You’ve probably heard many people say, “I’m depressed.” Often, people use this statement to describe disappointment.
People will say they are “depressed” when a relationship breaks up, when they fail a test or when their car breaks down and they are hit with a large repair bill.
However, true depression is a much more serious condition than the temporary blues to which many people are referring when they say they are depressed.
The medical condition known as clinical depression causes symptoms that interfere significantly with daily life.
If you are feeling sad, disinterested in things that you used to enjoy, hopeless or worthless, an important question to ask yourself is, “Did something happen recently to explain this mood or am I depressed?”
Even if there is a recent event that could explain your low mood, if the symptoms last for more than two weeks and do not seem to improve, you may be experiencing clinical depression.
Depression can be triggered by an event that would normally cause sadness, but the symptoms do not go away.
Often, however, clinical depression has no obvious cause.
Am I Depressed Quiz
There are several ways that depression is diagnosed. One way is to take an “am I depressed” questionnaire such as the Beck Depression Inventory (BDI).
If you are feeling depressed and wonder if your symptoms are due to clinical depression, you can find out by answering the twenty-one questions on this questionnaire, which was developed by a psychologist named Aaron T. Beck.
The BDI is one of the most commonly used tools for diagnosing depression. Each question in the BDI has four possible answers with each response worth a certain number of points.
The test is scored by adding up the total number of points from the responses you give. If you score more than 9 points, you may be depressed.
Scores between 10 and 30 mean that you may have mild or moderate depression. A score of 30 or more suggests that you may be severely depressed.
For example, one of the questions on the Beck Depression inventory is
 I do not feel sad.
 I feel sad.
 I am sad all the time and I can’t snap out of it.
 I am so sad or unhappy that I can’t stand it.
Other questions address symptoms such as feelings of guilt or being punished, difficulty thinking or concentrating, hopelessness, irritability, weight loss, fatigue and loss of interest in activities that you once enjoyed.
Other Depression Inventories
There are a number of other quizzes like the BDI that can be used to determine whether or not you are suffering from depression.
Another such test that is often used is the Goldberg Depression Inventory, developed by psychiatrist Dr. Ivan Goldberg.
For this quiz, each of eighteen questions has the same list of multiple choice responses, and you choose whether, in the past week, the statement is not at all true for you, somewhat true, just a little true, moderately true, true quite a lot or very much true.
The statements in the Goldberg Depression inventory are:
1. I do things slowly.
2. My future seems hopeless.
3. It is hard for me to concentrate on reading.
4. The pleasure and joy has gone out of my life.
5. I have difficulty making decisions.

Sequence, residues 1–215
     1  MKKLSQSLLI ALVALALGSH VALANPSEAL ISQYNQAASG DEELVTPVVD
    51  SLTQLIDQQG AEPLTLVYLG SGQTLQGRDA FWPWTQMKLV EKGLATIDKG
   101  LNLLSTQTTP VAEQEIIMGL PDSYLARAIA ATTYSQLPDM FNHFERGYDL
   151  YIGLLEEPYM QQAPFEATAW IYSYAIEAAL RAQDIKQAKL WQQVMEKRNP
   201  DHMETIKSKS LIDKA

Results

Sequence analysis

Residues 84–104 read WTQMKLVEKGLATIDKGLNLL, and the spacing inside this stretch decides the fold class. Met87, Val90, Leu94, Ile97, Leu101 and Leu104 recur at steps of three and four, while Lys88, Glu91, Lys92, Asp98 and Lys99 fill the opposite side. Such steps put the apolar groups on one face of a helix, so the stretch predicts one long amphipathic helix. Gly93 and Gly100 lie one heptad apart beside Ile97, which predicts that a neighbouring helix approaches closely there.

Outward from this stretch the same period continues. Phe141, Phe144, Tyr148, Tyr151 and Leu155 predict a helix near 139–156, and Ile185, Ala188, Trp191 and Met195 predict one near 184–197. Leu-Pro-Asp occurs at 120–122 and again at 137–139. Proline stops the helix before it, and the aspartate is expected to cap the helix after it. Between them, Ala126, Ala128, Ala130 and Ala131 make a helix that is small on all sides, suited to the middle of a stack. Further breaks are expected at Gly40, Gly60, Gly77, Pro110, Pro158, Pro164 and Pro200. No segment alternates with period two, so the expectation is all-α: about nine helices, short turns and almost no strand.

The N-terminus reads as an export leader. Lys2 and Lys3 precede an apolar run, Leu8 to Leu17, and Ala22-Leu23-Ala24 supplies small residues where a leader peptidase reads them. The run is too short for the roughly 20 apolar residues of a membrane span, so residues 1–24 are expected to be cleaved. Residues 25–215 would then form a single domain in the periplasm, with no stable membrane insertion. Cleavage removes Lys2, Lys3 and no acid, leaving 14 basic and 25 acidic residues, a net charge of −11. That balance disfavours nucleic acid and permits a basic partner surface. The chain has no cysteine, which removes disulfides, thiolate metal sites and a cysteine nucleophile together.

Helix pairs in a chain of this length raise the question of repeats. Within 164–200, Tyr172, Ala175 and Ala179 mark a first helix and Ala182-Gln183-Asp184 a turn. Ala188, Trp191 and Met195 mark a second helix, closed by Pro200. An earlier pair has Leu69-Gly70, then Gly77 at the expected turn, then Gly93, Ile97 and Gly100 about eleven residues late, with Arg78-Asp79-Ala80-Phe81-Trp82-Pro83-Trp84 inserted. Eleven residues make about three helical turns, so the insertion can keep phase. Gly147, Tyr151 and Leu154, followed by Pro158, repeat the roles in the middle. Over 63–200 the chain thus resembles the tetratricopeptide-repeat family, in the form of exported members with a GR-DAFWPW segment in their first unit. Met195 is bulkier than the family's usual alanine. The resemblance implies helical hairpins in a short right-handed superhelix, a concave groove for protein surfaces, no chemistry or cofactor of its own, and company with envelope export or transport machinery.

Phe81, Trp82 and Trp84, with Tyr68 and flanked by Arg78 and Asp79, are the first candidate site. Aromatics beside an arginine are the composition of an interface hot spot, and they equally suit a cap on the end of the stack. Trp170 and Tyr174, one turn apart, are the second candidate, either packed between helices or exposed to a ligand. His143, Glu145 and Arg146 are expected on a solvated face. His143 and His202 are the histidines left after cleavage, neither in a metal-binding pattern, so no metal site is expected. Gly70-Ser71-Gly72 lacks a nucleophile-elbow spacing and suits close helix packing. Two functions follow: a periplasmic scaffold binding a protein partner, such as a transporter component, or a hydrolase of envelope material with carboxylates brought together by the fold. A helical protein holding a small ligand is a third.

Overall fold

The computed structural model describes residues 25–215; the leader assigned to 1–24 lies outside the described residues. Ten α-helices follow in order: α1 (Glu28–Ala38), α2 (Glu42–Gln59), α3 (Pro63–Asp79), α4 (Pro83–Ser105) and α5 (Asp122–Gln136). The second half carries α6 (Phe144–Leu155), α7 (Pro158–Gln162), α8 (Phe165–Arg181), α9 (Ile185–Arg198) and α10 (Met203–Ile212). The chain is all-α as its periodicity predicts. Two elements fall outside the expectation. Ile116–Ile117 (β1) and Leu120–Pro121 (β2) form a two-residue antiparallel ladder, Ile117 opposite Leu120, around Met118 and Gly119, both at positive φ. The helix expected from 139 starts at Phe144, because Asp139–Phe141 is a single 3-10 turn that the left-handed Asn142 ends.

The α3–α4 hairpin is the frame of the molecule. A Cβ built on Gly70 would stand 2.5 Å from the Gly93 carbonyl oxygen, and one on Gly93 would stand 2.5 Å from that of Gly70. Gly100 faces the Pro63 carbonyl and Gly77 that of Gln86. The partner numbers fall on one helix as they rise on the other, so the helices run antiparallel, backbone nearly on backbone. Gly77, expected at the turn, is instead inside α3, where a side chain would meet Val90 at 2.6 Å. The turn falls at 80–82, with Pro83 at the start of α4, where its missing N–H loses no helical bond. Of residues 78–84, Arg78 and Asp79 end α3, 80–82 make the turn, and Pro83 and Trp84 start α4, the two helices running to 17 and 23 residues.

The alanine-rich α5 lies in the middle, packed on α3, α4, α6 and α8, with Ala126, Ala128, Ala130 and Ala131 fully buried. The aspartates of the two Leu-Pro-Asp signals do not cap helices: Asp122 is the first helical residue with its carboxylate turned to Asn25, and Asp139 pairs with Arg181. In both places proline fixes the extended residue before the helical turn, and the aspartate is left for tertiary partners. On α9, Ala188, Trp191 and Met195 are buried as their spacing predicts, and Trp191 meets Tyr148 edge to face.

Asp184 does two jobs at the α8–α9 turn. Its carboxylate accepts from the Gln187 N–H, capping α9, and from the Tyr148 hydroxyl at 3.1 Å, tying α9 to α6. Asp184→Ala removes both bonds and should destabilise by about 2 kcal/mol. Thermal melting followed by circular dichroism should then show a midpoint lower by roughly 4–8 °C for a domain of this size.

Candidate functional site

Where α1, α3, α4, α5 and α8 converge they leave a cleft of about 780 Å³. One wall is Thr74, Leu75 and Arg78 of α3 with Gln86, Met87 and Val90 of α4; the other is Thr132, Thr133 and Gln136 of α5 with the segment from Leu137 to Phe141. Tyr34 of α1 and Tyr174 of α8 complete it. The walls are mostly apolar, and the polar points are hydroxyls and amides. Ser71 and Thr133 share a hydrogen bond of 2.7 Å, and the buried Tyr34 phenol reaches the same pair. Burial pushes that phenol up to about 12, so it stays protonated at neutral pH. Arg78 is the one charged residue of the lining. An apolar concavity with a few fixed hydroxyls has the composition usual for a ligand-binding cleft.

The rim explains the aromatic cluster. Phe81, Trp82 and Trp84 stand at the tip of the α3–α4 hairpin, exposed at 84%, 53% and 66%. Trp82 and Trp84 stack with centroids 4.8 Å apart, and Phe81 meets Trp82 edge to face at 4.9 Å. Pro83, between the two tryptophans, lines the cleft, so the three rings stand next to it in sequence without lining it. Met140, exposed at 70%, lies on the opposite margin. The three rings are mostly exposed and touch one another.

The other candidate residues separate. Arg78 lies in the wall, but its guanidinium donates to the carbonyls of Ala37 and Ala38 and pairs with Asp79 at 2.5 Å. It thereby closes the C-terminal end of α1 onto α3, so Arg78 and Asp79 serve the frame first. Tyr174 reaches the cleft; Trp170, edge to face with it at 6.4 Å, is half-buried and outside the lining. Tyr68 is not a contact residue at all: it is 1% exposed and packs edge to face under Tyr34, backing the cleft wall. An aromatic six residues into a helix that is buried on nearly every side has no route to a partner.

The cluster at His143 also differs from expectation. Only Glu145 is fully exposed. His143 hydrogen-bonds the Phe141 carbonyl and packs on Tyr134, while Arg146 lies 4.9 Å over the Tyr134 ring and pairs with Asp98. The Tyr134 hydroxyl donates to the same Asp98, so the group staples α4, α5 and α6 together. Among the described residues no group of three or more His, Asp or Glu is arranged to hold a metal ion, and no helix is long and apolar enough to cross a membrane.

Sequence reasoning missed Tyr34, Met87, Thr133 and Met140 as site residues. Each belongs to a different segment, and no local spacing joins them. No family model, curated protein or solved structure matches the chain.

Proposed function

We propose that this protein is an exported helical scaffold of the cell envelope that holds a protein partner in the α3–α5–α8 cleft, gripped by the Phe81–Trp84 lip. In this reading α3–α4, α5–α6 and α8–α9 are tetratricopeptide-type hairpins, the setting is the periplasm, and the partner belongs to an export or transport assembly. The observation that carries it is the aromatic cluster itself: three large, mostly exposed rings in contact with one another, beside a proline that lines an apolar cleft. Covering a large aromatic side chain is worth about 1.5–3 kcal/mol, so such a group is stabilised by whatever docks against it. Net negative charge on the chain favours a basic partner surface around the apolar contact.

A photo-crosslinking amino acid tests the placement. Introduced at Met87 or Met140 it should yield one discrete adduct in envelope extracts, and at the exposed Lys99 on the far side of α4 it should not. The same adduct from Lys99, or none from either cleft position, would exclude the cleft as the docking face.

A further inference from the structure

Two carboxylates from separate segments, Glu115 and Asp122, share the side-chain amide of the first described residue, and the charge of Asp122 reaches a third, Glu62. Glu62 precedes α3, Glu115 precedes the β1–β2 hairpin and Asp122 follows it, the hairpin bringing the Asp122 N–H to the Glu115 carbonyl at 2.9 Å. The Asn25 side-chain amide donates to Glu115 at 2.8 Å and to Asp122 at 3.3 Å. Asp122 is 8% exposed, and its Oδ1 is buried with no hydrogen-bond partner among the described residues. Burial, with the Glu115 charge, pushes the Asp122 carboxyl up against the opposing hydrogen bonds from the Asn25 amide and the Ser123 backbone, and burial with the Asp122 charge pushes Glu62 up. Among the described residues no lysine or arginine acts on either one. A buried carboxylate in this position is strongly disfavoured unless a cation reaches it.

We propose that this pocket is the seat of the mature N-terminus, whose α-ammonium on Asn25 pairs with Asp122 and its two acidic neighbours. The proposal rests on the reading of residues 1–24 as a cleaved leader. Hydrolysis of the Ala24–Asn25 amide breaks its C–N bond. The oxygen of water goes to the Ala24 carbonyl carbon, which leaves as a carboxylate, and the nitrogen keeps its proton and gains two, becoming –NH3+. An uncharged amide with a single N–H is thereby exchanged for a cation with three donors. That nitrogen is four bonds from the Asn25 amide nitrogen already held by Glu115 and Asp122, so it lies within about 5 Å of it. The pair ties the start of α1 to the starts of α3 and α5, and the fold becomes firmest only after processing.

6. I have lost interest in aspects of life that used to be important to me.
7. I feel sad, blue and unhappy.
8. I am agitated and keep moving around.
9. I feel fatigued.
10. It takes great effort for me to do simple things.
11. I feel that I am a guilty person who deserves to be punished.
12. I feel like a failure.
13. I feel lifeless – more dead than alive.
14. My sleep has been disturbed – too little, too much or broken sleep
15. I spend time thinking about how I might kill myself.
16. I feel trapped or caught.
17. I feel depressed even when good things happen to me.
18. Without trying to diet, I have lost or gained weight.
How Can I Use An “Am I Depressed” Quiz?
Questionnaires like the BDI and the Goldberg Depression Inventory are useful for a number of reasons.
First, you can take them yourself to decide whether or not you need to look more carefully into the idea that you might be depressed.
If you receive a high score on one of these quizzes, you can make an appointment with a psychologist or psychiatrist or begin to educate yourself more about depression.
You can also use the individual statements to hone in on the particular symptoms that are the most troubling for you.
Since many “am I depressed” quizzes give you the opportunity to say whether a symptom is mild, moderate or severe, you identify the symptoms that are most serious for you and begin there when tackling your depression.
For example, if statements about the way you view yourself (feelings of worthlessness, feeling guilty or feeling like a failure) are the most serious in your case, you may need to talk to a counselor about your self-image.
On the other hand, if you sadness, fatigue and difficulty concentrating are your major symptoms but you feel okay about your self-worth, you may want to consider medication as a primary means of coping with your symptoms.
In End Your Depression, you can get more ideas about how to manage the individual symptoms of depression once you have identified which symptoms are the most troubling for you.
The approaches in End Your Depression give you step-by-step guidelines to help you get past any issues that are causing or contributing to your depression so that you can get on with your life with fewer debilitating symptoms.